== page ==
Brain Drain (Aviation Week’s magazine)
Sep 3, 2009
By Jerome Greer Chandler
You’re in the prime of your career, at the peak of your earning power and accustomed to traveling the world as a respected member of the elite aerospace profession. Then, the bottom drops out. No one’s immune to fiscal gravity these days, not in this economy. That gravity has been exerting an inexorable pull lately.
Layoffs can lacerate aerospace executives, and just as viciously as folks on the shop floor. But there is life after layoffs–not mere survival, but bonafide success. Common attitudes, common traits can pull people through and even propel them to places they only dreamed of before. Here are the stories of three MRO execs who have weathered the storm:
Green, Green: The Bamboo Gambit
Aviation is hard to get out of your system, even if you pack your passion and head for Nicaragua.
That’s what former AAR executive Ben Sandzer-Bell and his wife just did, leaving behind his successful 25-year career in aerospace and setting out to plant bamboo in Central America.
After a long career with Thales, Sandzer-Bell joined AAR in 2004 as VP of strategy. In December 2008, the MRO downsized, and he was out. The move didn’t take him by surprise.
“As a strategy guy, you’re supposed to look a few years out,” says 49-year-old Sandzer-Bell. What he saw was “trouble down the pipeline&By the time oil hit $147 per barrel, it was pretty obvious to me that there would be large-scale changes in the industry.”
Armed with the kind of insight inherent in his job, Sandzer-Bell–with the blessings of AAR management–began to develop “a parallel track for myself.” That track led to a four-month sabbatical. That time out, in turn, led to the debut of CO2 Bambu (bambu is the Spanish spelling of bamboo), a company designed to capitalize on cap and trade, the selling of carbon credits to offset the production of greenhouse gasses.
In his capacity as AAR’s lookout guy, Sandzer-Bell saw the EU and U.S. moving toward regulations that could include cap and trade as a key element in combating global warming. After years of political dithering, “Climate change and carbon emissions are on the table,” he says. While he felt AAR was doing a good job reducing its own carbon footprint, “I wanted&green issues to be central to my job.”
The aerospace nexus: aviation firms and MROs “would eventually be required to reduce their own emissions,” says Sandzer-Bell. “But failing the ability to get [them] down to the right level, they would participate in cap and trade.” Bolstering his belief that this is a wave that can’t be stopped, Sandzer-Bell says that in 2008 cap and trade was a $117 billion industry.
CO2 Bambu is predicated on the fact that bamboo grows like crazy, consuming carbon as if it were mother’s milk. If you’re serious about cutting carbon, Sandzer-Bell says bamboo is the way to go. “It absorbs carbon faster than wood, because it grows so fast.” And unlike a tree, which vanishes when the ax falls, bamboo actually festers. “Because it’s a grass, it grows exponentially,” he says. “The more you harvest it, then more it grows–and the more biomass it absorbs.”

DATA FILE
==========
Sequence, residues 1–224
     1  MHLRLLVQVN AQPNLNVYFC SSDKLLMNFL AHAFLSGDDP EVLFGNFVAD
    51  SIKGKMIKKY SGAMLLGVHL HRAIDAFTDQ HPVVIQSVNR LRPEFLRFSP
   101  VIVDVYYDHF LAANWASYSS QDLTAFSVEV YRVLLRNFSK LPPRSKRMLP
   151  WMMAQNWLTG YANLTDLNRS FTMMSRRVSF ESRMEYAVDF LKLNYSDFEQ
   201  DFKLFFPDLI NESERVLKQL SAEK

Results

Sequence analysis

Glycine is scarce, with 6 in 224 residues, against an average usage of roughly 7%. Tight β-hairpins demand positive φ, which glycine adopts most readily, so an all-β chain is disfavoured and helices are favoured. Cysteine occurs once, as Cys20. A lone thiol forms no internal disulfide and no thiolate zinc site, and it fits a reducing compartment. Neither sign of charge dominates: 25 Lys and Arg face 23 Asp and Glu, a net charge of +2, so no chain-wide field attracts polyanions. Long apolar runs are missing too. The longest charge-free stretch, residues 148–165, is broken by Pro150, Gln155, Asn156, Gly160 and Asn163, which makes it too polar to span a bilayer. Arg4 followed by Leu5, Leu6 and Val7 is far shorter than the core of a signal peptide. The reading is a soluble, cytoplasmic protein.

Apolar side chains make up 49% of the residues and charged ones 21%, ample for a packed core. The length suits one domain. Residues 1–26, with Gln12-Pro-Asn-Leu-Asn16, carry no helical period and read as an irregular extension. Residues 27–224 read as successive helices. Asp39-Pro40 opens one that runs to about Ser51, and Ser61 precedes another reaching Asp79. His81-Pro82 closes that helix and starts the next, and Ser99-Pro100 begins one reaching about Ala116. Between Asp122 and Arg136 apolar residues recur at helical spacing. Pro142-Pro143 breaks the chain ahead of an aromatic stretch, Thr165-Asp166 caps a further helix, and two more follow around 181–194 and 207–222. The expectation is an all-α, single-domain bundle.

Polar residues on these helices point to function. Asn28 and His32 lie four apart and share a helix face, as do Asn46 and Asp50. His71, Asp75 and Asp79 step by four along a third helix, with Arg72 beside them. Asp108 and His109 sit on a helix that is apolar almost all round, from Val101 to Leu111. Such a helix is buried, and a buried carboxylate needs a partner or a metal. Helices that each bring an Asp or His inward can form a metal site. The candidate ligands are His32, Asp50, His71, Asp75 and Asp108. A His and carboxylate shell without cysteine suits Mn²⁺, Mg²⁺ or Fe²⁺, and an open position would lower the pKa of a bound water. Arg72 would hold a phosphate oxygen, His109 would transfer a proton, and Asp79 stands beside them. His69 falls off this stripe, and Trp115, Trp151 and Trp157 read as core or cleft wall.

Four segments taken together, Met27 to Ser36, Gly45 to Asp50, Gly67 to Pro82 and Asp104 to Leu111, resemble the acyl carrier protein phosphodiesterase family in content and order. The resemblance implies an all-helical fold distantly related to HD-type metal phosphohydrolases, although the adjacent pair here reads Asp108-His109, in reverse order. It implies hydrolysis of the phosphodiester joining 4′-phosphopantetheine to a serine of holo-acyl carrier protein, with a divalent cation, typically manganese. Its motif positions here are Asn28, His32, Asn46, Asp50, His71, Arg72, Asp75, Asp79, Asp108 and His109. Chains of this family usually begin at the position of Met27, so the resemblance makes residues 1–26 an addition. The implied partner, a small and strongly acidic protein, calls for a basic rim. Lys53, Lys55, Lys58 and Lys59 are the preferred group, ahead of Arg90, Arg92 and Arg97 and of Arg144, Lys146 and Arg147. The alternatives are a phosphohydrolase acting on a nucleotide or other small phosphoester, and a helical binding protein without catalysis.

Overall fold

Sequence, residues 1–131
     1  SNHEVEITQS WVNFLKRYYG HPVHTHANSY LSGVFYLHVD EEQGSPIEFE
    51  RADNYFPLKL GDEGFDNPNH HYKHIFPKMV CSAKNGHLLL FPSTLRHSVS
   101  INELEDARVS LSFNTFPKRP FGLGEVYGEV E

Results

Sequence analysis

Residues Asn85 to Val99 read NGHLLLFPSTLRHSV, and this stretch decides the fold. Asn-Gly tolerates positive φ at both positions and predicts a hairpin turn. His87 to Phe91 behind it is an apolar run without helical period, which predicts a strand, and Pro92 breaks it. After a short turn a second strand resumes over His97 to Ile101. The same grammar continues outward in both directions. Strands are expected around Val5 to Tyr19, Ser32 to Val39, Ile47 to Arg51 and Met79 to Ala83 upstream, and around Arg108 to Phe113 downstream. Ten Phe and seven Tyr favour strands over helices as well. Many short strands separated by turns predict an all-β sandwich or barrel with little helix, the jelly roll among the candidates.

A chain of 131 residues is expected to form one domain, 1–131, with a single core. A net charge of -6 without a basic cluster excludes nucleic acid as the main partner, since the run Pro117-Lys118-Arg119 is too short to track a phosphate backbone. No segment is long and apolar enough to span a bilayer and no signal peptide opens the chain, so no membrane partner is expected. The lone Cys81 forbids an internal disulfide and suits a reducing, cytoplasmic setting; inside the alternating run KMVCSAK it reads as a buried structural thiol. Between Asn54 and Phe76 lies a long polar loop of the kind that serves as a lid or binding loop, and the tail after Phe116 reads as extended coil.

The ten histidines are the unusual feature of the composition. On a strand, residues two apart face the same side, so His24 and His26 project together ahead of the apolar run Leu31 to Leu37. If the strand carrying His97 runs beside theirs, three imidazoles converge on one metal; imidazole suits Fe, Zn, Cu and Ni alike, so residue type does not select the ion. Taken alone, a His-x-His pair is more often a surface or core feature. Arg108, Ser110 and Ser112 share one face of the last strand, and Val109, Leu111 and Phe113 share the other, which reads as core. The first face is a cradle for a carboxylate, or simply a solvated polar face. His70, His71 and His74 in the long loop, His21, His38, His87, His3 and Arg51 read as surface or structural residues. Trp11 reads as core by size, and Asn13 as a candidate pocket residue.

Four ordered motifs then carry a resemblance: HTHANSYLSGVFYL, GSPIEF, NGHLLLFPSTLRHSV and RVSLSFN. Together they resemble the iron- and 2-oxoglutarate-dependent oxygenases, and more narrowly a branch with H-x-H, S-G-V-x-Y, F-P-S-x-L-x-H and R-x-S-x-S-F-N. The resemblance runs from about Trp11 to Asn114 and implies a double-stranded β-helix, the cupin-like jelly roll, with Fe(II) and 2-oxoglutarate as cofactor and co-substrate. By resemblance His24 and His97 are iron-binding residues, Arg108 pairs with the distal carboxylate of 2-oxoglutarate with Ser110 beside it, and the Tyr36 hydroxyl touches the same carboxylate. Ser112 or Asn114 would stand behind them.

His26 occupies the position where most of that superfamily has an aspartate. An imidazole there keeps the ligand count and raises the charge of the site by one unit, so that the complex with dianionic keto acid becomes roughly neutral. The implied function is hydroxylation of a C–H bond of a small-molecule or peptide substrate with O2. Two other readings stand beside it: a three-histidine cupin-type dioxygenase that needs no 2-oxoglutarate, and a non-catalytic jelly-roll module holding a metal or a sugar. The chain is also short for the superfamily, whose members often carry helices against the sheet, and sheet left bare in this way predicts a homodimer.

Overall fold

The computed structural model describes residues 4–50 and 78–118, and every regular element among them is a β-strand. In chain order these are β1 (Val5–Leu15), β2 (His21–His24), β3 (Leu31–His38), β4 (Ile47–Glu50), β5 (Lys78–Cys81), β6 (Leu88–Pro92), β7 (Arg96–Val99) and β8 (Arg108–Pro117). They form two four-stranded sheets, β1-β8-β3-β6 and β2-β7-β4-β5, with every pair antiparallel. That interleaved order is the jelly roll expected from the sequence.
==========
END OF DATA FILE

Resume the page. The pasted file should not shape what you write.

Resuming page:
CO2 Bambu already has set up 13 bamboo nurseries in Nicaragua, growing 80,000 plants. They’ll be planted in the coming rainy season. Some 300 farmers are participating in the reforestation program.
Neat enough. But to grow bamboo commercially, it helps if there’s a consumer market of sorts, not merely a market for the carbon credits its growth and cultivation produces.
Bamboo flooring is one commercial conduit. Sandzer-Bell says just 5% of the flooring market is comprised of bamboo now, but it’s predicted to grow to 20% within 10 years. Besides that, he says it’s a superbly suited material for low-cost housing–something much in demand in Central America.
Sandzer-Bell believes the venture is a prime example of the new “3-BL,” or Triple Bottom Line,
business model that delivers attractive returns to investors and begets a positive environmental impact, all while offering social and economic benefits.
Lessons Learned and Talent Lost
Sandzer-Bell agrees with Cooper and Abelson on the applicability of aerospace know-how elsewhere, noting that there’s “an extraordinary base of talent in aerospace, which happens to coincide with a number of industries.” One that comes to mind is wind energy. “It’s a no-brainer,” he says.
Sandzer-Bell also believes in being prepared. “I would invite anyone who finds him or herself in my situation not to wait till the ax falls, but to try to anticipate a little bit.” Ostriches don’t fly. But they do imbed their heads in the sand quite effectively.
Just how effective the aerospace and MRO industry will be bereft of its top talent remains to be seen. But the economic exodus of some of its best and brightest can’t help. “I’ve seen a lot of really skilled people leave,” says Abelson. From a company’s perspective, institutional knowledge is among the first casualties, “how the company is operated and its relationship with customers,” he says. “The character and the personality change every time you have these sorts of losses.”
Among those who remain, “The [personnel] bandwidth is really, really thin right now,” says Cooper. “Everyone is shrinking their staff to the minimum just to get by. There’s a very short-term kind of perspective.” The importance of this for the future isn’t lost on the TeamSAI principal: “What we’re creating is an industry that isn’t drawing a lot of bright, young people.”
In these instances, three middle-aged survivors of the industry’s latest cost-cutting foray were bright enough not just to survive, but to prevail. Foresight, transferable talents and a consummate passion for what they do are common traits. That, and what Cooper calls “a positive attitude.” Thus equipped, “if you try hard enough, good things will happen.”
This article appeared in Overhaul & Maintenance’s September 2009 issue